image: Gucci

image: Gucci

China is doing its part to cut down on the significant number of fakes that flood the global market after originating within its borders. That appears to be the message that China’s General Administration of Customs hopes will be garnered from an announcement on Thursday that thus far in 2017,  Chinese customs have detected more than 1,560 cases of intellectual property infringement involving goods exported to the United States. Those cases stem from two joint China-U.S. crackdowns this year.

One such case, according to the Chinese customs administration centered on 1 million yuan ($150,659) worth of counterfeit Converse brand shoes valued at more than 1 million yuan. In furtherance of that bust, which likely involved Nike footwear (Nike, Inc. owns the Converse brand), customs officials announced that Alibaba Group – the a Chinese e-commerce giant, whose TaoBao platform is known as a haven for counterfeit goods – assisted in “resolving” that case. 

Another joint China-U.S. effort this summer resulted in the seizure of counterfeit Louis Vuitton, Gucci, Rolex, and Cartier-branded goods, which would have been worth more than 20 million yuan ($3 million) if sold at retail as authentic.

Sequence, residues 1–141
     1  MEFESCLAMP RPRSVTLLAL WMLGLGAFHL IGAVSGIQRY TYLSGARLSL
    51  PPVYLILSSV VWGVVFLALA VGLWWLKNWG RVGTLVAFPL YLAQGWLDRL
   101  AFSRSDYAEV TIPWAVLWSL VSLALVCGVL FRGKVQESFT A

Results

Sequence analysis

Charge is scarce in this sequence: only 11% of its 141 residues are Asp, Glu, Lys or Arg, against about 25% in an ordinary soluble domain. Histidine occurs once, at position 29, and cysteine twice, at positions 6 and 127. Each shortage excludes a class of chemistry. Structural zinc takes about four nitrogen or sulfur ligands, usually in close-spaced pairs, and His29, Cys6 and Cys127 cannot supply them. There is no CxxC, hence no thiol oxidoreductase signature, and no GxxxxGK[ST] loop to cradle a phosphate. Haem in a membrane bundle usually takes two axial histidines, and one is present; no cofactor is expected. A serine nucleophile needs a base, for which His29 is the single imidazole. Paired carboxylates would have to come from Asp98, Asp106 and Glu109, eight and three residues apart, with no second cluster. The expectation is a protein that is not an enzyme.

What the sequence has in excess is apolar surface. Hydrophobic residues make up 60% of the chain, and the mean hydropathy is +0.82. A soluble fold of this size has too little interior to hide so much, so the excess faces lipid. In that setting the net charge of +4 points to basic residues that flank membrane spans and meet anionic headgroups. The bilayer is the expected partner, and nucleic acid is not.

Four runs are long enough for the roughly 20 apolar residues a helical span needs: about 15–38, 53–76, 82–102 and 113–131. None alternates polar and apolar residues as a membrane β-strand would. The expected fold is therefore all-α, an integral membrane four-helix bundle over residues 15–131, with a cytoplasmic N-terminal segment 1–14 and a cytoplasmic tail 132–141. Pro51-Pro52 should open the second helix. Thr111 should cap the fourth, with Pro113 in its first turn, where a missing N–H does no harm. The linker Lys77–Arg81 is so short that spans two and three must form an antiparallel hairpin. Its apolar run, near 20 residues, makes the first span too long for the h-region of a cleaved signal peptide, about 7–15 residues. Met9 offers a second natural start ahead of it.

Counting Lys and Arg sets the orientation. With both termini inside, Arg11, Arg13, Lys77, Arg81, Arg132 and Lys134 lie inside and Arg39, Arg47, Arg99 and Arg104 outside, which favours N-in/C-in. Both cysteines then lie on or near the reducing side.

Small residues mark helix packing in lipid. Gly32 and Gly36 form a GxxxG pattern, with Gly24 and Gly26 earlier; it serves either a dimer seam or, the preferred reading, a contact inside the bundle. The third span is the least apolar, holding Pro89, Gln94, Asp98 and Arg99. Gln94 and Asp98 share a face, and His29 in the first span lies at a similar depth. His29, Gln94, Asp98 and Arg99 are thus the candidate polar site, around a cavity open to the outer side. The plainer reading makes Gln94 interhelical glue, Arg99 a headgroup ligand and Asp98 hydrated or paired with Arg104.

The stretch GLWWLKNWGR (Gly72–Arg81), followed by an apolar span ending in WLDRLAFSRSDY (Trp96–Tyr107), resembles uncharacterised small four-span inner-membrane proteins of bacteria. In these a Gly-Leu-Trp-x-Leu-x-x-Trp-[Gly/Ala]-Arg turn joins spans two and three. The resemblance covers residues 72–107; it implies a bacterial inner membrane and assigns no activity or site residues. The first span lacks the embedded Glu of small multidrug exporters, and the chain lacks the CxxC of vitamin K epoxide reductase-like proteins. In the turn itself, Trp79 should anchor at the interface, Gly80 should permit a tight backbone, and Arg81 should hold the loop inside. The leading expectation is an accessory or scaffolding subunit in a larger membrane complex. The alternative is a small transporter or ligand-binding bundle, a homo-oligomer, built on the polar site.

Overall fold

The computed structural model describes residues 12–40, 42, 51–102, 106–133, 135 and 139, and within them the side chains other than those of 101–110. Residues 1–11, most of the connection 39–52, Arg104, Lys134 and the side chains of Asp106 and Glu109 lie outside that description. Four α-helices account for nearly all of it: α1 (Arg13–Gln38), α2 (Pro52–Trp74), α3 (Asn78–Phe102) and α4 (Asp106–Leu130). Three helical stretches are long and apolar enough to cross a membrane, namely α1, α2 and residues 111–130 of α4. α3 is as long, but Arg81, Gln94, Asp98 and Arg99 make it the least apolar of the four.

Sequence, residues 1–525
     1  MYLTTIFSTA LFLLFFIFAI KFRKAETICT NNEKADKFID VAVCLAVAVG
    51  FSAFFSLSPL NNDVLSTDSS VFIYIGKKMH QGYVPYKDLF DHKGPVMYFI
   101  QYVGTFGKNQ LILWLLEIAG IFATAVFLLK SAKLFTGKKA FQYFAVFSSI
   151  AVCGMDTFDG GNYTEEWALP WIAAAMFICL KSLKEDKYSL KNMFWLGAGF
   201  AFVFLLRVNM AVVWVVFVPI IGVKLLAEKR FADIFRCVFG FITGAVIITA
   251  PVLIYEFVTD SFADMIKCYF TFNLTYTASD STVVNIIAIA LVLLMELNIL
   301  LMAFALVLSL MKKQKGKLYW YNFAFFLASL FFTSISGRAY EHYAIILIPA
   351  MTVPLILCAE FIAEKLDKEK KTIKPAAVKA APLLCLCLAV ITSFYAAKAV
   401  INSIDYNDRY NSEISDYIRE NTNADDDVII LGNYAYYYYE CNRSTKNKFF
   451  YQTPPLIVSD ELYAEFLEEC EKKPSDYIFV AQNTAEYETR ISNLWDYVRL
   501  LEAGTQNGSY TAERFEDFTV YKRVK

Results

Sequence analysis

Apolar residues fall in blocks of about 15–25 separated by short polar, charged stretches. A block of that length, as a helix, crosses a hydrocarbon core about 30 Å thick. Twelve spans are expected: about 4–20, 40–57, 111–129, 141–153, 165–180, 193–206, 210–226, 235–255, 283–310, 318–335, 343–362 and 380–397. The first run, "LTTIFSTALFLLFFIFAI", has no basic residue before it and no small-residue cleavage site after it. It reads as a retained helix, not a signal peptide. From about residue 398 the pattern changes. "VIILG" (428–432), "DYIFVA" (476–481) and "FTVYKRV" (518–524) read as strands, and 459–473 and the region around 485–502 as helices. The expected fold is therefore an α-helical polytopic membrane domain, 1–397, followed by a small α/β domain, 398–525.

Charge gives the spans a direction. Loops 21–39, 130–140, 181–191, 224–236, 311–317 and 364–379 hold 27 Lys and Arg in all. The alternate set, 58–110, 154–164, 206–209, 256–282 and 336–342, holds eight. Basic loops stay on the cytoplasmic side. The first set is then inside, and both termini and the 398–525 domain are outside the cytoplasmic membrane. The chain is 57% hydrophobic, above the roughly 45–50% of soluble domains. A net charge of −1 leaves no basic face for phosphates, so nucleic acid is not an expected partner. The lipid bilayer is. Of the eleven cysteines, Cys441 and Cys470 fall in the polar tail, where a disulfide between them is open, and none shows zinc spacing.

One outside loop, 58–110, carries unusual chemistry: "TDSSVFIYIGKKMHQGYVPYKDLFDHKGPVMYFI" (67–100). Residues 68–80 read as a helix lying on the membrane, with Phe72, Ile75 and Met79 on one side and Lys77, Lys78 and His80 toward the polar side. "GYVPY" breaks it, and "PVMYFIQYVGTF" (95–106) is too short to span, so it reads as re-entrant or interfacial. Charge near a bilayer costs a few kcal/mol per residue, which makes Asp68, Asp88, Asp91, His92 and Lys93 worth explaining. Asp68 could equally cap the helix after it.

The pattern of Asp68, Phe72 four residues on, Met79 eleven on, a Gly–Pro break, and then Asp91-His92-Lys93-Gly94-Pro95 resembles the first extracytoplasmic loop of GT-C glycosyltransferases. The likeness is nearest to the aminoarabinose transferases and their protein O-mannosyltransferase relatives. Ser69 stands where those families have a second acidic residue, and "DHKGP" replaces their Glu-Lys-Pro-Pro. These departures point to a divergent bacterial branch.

The announcement appears to follow from increased intellectual property-related efforts that China’s Ministry of Commerce announced in September, one month after U.S. President Donald Trump signed a presidential memorandum authorizing an investigation into China’s alleged “theft” of American intellectual property, including forced transfers of technology from American businesses to Chinese firms in furtherance of what the Trump administration has said enables China to gain an unfair advantage and build a dominant global presence.

It is unclear, however, if the Chinese crackdown and the pending Trump administration investigation are directly related. Chinese authorities have been adamant since the investigation was announced in August that it “will resort to all proper measures” to firmly defend its lawful rights if the U.S. disregards multilateral rules and hurts bilateral trade ties.